Attention Defecit Disorder/Attention
What is ADHD (ADD)?
The official definition of Attention Deficit Hyperactivity Disorder (ADHD) as it appears
in the Diagnostic and Statistical manual of the American Psychiatric Association is: ADHD
is a disorder that can include a list of nine specific symptoms of inattention and nine
symptoms of hyperactivity/impulsivity.
Individuals with ADHD may know what to do but do not consistently do what they know
because of their inability to efficiently stop and think prior to responding, regardless
of the setting or task.
Characteristics of ADHD have been demonstrated to arise in early childhood for most
individuals. This disorder is marked by chronic behaviors lasting at least six months with
an onset often before seven years of age. At this time, four subtypes of ADHD have been
defined. These include the following:
1. ADHD Inattentive type is defined by an individual experiencing
at least six of the following characteristics:
Fails to give close attention to details or makes careless mistakes
Difficulty sustaining attention
Does not appear to listen
Struggles to follow through on instructions
Difficulty with organization
Avoids or dislikes requiring sustained mental effort
Often loses things necessary for tasks
Forgetful in daily activities
2. ADHD hyperactive/impulsive type is defined by an individual
experiencing six of the following characteristics:
Fidgets with hands or feet or squirms in seat
Difficulty remaining seated
Runs about or climbs excessively (in adults may be limited to subjective feelings of
Difficulty engaging in activities quietly
Acts as if driven by a motor
Blurts out answers before questions have been completed
Difficulty waiting in turn taking situations
Interrupts or intrudes upon others
3. ADHD combined type is defined by an individual meeting both
sets of attention and hyperactive/impulsive criteria.
4. ADHD not otherwise specified is defined by an individual who
demonstrates some characteristics but an insufficient number of symptoms to reach a full
diagnosis. These symptoms, however, disrupt everyday life.
The majority of adults with ADHD have been described as
experiencing symptoms very similar to the problems experienced by children. They are often
restless, easily distracted, struggle to sustain attention, are impulsive and impatient.
They have been described as experiencing problems with stress intolerance leading to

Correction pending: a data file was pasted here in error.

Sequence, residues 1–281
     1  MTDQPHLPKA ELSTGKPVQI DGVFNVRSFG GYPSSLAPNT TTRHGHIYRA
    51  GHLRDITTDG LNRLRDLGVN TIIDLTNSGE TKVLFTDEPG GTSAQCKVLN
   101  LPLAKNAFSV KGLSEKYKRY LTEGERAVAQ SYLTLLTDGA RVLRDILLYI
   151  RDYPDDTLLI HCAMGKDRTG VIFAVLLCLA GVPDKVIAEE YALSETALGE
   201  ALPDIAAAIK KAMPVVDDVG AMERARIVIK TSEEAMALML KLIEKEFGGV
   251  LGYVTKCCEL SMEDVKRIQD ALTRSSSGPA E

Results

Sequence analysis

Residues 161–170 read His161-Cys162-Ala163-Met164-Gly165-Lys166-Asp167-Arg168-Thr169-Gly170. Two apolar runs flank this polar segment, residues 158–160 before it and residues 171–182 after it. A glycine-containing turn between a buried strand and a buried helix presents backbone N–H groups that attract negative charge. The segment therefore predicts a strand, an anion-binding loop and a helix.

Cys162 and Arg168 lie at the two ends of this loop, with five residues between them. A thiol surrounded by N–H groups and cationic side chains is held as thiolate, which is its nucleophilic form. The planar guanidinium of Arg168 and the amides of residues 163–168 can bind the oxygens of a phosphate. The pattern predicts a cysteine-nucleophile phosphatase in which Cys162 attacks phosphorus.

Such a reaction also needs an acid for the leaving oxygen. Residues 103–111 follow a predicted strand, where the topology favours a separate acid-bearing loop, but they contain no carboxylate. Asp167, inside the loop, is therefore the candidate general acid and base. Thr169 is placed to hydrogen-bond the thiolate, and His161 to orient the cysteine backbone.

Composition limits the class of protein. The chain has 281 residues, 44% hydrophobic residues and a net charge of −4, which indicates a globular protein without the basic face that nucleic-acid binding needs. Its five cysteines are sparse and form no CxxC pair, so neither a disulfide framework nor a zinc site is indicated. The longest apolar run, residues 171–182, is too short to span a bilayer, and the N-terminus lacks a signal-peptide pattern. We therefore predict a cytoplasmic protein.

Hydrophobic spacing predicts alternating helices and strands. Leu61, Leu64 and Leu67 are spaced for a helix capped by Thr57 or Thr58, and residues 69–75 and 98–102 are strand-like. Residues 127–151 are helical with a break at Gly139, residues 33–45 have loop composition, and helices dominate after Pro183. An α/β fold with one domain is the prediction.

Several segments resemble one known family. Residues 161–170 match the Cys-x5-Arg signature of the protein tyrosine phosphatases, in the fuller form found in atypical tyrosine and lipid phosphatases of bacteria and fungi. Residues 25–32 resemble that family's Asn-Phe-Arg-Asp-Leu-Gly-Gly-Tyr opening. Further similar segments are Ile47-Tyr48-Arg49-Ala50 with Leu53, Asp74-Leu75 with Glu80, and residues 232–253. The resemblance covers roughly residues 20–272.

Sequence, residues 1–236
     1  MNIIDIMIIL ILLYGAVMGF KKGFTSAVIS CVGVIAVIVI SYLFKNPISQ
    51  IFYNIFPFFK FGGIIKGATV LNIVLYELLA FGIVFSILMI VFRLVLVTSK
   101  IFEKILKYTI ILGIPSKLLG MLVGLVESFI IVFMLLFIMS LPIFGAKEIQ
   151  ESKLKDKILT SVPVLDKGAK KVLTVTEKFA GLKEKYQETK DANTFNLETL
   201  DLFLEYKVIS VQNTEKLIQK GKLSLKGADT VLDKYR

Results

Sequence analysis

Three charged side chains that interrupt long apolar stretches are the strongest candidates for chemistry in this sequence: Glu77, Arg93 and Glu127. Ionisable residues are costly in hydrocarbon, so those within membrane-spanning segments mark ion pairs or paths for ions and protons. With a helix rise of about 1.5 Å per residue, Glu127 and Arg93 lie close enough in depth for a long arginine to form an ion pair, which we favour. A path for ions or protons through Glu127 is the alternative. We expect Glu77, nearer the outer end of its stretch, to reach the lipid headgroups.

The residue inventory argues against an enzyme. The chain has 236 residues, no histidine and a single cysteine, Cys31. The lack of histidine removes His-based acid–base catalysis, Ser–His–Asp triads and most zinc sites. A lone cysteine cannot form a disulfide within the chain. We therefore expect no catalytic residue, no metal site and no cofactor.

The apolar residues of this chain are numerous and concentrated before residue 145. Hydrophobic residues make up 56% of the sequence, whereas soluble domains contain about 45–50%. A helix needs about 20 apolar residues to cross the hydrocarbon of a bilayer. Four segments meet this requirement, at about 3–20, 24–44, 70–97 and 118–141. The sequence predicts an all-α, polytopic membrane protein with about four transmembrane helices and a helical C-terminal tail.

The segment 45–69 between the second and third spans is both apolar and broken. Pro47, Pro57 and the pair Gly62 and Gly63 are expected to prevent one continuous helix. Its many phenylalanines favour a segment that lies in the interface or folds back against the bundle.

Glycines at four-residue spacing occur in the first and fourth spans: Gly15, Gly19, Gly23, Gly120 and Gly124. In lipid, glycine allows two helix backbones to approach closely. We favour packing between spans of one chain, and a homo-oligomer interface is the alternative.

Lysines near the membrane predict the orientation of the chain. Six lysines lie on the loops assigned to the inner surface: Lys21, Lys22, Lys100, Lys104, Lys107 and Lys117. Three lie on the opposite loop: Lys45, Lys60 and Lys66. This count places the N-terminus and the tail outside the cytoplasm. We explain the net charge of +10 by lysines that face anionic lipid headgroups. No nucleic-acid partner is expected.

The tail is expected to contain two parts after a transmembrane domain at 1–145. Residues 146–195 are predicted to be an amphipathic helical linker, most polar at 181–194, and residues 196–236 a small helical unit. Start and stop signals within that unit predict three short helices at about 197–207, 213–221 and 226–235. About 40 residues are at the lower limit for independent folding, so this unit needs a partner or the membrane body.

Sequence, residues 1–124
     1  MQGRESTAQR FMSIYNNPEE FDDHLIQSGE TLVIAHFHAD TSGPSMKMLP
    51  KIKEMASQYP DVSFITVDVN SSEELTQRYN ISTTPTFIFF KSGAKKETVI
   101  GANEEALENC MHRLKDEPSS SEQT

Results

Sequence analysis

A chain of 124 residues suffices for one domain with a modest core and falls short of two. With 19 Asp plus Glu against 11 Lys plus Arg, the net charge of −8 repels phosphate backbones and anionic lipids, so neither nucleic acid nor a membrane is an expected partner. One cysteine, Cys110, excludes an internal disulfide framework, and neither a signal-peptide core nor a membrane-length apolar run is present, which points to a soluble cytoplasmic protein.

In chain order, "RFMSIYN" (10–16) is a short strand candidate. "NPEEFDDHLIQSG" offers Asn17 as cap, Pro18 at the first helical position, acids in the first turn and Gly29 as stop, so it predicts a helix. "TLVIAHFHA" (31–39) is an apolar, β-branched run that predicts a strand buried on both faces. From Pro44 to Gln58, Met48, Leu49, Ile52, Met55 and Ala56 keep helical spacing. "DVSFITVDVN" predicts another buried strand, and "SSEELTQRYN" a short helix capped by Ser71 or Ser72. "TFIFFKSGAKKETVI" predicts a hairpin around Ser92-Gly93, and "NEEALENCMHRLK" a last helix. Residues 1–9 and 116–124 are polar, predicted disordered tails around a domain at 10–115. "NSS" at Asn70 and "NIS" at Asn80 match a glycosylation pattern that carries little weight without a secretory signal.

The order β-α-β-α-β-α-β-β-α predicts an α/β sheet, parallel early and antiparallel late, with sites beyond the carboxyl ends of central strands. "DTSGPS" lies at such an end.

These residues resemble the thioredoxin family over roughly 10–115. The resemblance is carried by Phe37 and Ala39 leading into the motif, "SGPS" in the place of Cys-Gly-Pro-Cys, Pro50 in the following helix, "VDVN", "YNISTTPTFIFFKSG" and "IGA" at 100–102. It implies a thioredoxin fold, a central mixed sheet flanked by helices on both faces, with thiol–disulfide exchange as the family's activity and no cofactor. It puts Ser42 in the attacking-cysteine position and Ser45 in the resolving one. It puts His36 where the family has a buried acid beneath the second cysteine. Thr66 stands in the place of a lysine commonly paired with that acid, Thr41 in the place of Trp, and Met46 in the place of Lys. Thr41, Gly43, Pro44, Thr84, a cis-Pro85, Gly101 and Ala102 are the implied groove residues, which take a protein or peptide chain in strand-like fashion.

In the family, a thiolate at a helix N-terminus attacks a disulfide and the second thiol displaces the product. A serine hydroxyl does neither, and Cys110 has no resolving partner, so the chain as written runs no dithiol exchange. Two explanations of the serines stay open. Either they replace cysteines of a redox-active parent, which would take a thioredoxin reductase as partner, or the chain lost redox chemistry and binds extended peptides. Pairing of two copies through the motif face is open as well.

greater expressed emotion. Within the workplace they may not achieve vocational positions
or status commensurate with their siblings or intellectual ability.
Children and adults who have ADHD exhibit degrees of inattention or
hyperactivity/impulsivity that are abnormal for their ages. This can result in serious
social problems, or impairment, of family relationships, success at school or work or in
other life endeavors.
Children and adults can exhibit other psychiatric disorders (medically known as
comorbidity), along with their ADHD symptoms. Most commonly, these include oppositional
defiant or conduct disorder, along with or separate from internalizing disorders, such as
anxiety and depression.
Other definitions have existed, such as that for Attention Deficit disorder, or ADD. These
use different labels for the same conditions and can be interchanged with ADHD. For the
purposes of this fact sheet, however, we will continue to use ADHD.
There are two modalities of treatment that specifically target symptoms of ADHD. One uses
medication and the other is a non-medical treatment with psychosocial interventions. The
combination of these treatments is called multimodality treatment.
Treating ADHD in children requires a coordinated effort between medical, mental health and
educational professionals in conjunction with parents. This combined set of treatments
offered by a variety of individuals is referred to as multi-modal intervention. A
multi-modal treatment program should include: . Parent training concerning the nature of
ADHD as well as effective behavior management strategies . An appropriate educational
program . Individual and family counseling, when needed, to minimize the escalation of
family problems . Medication when required
Psychostimulants are the most widely used medications for the management of ADHD symptoms.
At least 70% to 80% of children and adults with ADHD respond positively to psychostimulant
Stimulant medications have been used to treat the cognitive and behavioral symptoms of
ADHD for more than 50 years. A study by Wilens and Biederman (1997) summarized the
findings of controlled trials validating the use of these medications. Treatment with
stimulants is beneficial in about 80% of children with ADHD.
Behavior modification techniques have been used to treat the behavioral symptoms of ADHD
for more than a quarter of a century. A summary of the literature on trials that have
validated the efficacy of this approach shows that, in many cases, behavior modification
alone has not been sufficient to address severe symptoms of ADHD.
Classroom success for children with ADHD often requires a range of interventions. Most
children with ADHD can be taught in the regular classroom with either minor adjustments in
the classroom setting, the addition of support personnel, and/or special education
programs provided outside of the classroom. The most severely affected children with ADHD
often experience a number of occurring problems and require specialized classrooms.
Laws passed during the last five years have mandated educational interventions for
children with ADHD. Today, modifications and special placements in public school settings
are part of treatment of ADHD. The coordination of school-based interventions with medical